Louise Bourgeois was one of the greatest artists of the twentieth century and photographer Jean-François Jaussaud met her for the first time in 1994 at her studio in Brooklyn. But it was not before she had interrogated him about every aspect of his life that he earned her trust. A rare photo session was set up in Spring 1995, under one condition: she would destroy the photographs if she didn’t like them… Jaussaud agreed to it and passed the test.
He was then given carte blanche to photograph her studio and her house in Chelsea, and he kept coming back for another eleven years. Jaussaud’s photographs of Louise Bourgeois in her house and studio are a moving testimony showing how completely implicated in her work she was, to the point that her private life and her work were inextricably interwoven.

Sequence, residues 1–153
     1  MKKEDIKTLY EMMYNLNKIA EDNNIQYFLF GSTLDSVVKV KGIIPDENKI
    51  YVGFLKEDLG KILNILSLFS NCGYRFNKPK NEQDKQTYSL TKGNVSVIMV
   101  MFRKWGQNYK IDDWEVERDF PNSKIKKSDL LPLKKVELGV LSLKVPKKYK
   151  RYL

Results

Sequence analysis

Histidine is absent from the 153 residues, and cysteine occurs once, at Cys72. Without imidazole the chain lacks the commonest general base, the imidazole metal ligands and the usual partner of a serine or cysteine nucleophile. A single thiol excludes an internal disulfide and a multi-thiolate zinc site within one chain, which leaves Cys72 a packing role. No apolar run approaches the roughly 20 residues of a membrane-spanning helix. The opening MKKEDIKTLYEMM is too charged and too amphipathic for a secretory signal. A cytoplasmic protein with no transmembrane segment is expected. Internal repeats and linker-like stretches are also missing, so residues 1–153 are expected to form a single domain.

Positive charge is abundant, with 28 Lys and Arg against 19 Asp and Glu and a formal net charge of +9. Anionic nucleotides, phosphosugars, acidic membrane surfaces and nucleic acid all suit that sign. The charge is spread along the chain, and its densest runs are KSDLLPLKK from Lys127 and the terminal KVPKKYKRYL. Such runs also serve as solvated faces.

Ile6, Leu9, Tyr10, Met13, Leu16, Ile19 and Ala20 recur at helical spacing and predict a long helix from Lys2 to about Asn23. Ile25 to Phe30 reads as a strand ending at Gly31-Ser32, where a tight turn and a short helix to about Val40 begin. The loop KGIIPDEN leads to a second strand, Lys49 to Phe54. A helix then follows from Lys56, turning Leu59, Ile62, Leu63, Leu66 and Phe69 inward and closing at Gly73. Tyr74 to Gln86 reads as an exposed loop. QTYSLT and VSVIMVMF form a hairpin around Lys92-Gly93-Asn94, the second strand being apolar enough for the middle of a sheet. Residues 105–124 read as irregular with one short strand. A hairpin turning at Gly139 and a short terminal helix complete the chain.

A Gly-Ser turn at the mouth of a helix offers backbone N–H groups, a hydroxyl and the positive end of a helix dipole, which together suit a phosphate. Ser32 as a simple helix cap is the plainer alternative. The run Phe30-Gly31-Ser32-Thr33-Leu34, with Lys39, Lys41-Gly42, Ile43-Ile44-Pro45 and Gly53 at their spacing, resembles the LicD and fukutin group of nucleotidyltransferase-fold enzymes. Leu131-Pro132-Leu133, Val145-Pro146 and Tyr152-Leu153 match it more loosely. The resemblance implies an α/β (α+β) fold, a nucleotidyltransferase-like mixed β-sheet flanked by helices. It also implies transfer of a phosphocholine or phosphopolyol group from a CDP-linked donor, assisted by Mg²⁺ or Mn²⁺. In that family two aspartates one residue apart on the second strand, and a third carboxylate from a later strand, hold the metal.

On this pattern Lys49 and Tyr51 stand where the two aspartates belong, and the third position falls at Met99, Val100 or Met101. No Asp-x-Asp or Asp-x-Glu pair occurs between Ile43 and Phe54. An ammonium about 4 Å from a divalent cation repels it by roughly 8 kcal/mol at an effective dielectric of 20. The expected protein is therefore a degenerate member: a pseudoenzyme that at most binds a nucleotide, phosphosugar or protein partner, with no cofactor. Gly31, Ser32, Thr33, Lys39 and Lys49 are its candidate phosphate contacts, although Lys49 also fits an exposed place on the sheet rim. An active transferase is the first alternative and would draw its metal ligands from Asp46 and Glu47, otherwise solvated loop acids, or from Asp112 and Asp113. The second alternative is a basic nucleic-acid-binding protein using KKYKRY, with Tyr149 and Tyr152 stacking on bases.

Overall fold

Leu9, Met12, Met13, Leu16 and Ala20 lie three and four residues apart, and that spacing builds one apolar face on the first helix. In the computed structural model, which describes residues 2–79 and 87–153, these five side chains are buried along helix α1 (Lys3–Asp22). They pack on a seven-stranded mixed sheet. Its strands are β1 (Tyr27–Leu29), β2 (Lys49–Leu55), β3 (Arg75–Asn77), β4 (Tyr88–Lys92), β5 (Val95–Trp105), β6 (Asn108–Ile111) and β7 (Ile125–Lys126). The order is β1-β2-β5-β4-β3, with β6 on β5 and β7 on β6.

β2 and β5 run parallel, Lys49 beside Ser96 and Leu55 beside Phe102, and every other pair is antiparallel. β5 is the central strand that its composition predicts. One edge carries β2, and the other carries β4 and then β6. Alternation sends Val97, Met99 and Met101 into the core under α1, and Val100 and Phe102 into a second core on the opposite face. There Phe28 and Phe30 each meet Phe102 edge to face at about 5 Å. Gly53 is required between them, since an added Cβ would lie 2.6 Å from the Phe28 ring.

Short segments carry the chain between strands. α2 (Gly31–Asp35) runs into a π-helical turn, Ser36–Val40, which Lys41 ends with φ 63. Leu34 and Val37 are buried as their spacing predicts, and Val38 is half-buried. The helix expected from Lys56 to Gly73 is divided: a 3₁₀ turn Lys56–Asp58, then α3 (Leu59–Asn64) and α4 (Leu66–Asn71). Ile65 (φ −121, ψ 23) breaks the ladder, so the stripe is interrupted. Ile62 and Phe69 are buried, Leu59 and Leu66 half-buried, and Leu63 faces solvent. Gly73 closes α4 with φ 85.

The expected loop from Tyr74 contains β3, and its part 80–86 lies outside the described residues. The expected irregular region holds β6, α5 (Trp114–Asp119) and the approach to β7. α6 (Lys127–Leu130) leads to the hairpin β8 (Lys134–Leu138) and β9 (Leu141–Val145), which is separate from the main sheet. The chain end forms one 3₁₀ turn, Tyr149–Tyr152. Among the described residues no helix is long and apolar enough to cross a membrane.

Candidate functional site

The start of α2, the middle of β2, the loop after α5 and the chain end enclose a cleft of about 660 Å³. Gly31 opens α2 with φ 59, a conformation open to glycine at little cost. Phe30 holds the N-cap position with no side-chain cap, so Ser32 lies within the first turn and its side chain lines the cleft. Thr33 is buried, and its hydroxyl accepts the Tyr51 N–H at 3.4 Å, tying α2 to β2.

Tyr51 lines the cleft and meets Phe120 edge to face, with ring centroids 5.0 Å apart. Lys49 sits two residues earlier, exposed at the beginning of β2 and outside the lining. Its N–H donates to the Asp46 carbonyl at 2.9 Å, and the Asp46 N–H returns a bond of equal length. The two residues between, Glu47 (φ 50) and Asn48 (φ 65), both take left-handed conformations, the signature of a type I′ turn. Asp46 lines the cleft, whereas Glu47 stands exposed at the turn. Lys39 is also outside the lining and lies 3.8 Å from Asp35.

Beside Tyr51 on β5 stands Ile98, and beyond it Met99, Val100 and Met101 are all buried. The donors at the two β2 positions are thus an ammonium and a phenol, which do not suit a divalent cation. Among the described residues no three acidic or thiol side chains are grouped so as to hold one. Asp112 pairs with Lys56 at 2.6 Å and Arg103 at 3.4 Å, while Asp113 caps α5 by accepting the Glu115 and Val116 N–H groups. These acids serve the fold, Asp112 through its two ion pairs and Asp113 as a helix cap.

This is a must-have addition to any serious admirer of Louise Bourgeois as well as a fascinating entry point for those just discovering her groundbreaking explorations of the family, sexuality, bodies, death, and the unconscious.
Author: Jean-Francois Jaussaud
Laurence King Publishing
192 pages, 9.8" x 7.4"